Basic operators and adjoints  

Next: Datapush binning
Up: FAMILIAR OPERATORS
Previous: Adjoints of products are
In describing physical processes,
we often either specify models as values given on a uniform mesh
or we record data on a uniform mesh.
Typically, we have
a function of time or depth ,
and we represent it by f(iz)
corresponding to for
where
.
We sometimes need to handle depth as
an integer counting variable ,
and we sometimes need to handle it as
a floatingpoint variable .
Conversion from the counting variable to the floatingpoint variable
is exact and is often seen in a computer idiom,
such as either of for (iz=0; iz < nz; nz++) { z = z0 + iz * dz;
for (i3=0, i3 < n3; i3++) { x3 = o3 + i3 * d3;
The reverse conversion from the floatingpoint variable
to the counting variable is inexact.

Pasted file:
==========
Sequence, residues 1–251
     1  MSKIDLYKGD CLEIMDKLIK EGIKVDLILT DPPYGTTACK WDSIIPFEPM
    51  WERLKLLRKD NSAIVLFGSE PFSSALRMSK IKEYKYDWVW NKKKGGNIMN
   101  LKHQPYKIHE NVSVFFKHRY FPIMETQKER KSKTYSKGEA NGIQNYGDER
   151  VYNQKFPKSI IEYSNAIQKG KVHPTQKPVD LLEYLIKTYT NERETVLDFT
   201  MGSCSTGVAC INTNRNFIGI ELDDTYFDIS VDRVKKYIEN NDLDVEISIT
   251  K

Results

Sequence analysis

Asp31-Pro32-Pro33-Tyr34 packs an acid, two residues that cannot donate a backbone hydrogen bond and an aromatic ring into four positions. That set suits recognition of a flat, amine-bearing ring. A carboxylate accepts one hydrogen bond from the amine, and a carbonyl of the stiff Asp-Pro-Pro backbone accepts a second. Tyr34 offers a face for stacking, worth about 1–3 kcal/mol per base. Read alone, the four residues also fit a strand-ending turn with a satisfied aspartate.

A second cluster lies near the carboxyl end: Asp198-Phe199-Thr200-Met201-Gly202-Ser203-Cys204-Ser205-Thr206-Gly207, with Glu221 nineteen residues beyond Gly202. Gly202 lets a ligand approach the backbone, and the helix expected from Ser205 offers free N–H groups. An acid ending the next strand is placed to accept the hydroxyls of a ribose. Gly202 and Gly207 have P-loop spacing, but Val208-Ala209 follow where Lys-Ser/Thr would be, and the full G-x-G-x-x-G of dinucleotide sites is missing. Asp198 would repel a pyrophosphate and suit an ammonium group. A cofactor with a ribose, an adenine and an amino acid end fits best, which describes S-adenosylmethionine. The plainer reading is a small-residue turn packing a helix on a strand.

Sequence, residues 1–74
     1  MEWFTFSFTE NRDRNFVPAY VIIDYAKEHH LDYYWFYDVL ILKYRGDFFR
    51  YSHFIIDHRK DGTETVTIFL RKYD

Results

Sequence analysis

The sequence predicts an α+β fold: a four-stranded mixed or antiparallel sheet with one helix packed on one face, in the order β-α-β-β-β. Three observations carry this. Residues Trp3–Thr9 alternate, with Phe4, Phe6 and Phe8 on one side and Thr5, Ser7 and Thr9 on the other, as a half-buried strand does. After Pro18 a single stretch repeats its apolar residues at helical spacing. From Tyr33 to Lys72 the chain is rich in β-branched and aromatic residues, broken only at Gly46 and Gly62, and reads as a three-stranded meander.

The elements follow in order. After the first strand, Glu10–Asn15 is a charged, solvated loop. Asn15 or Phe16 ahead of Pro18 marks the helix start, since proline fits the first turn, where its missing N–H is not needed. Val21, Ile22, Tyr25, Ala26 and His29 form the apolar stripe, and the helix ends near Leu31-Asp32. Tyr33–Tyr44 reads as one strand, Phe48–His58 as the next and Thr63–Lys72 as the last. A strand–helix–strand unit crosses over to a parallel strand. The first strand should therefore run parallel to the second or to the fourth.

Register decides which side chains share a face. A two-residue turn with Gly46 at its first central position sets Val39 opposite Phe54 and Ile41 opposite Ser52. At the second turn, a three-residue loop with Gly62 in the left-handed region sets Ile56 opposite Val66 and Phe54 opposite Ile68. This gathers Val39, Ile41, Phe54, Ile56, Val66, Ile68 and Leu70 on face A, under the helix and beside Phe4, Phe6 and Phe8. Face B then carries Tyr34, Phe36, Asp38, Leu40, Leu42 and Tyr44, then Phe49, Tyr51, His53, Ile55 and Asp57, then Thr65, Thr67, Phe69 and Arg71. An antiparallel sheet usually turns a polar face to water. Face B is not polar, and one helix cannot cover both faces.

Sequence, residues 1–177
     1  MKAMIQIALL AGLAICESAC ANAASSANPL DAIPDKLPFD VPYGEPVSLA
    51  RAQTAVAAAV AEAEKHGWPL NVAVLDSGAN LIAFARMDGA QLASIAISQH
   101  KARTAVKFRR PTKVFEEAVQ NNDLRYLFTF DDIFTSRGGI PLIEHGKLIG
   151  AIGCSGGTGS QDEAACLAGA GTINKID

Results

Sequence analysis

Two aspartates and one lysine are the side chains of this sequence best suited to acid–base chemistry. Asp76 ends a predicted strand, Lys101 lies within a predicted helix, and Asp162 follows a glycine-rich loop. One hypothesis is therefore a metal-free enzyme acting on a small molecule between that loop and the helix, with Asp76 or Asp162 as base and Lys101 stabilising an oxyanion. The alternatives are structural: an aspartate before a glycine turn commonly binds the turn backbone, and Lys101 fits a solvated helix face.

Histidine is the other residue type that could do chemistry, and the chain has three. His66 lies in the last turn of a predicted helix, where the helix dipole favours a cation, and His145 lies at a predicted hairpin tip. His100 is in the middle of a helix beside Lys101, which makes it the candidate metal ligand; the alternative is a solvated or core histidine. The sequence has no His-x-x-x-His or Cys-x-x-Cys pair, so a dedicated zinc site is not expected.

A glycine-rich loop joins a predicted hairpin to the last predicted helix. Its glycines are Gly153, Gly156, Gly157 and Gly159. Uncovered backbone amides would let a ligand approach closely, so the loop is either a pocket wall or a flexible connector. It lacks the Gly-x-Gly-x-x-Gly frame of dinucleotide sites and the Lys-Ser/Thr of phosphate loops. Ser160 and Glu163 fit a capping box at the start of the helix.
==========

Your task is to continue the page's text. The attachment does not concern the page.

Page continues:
The easiest thing is to place it at the nearest neighbor.
Solve for iz; add one half;
and round down to the nearest integer.
The familiar computer idioms are: iz = 0.5 + ( z  z0) / dz;
i3 = 0.5 + (x3  o3) / d3;
A small warning is in order:
People generally use positive counting variables.
If you also include negative ones,
then to get the nearest integer,
you should do your rounding with the C function round().



 Basic operators and adjoints  

Next: Datapush binning
Up: FAMILIAR OPERATORS
Previous: Adjoints of products are
20140927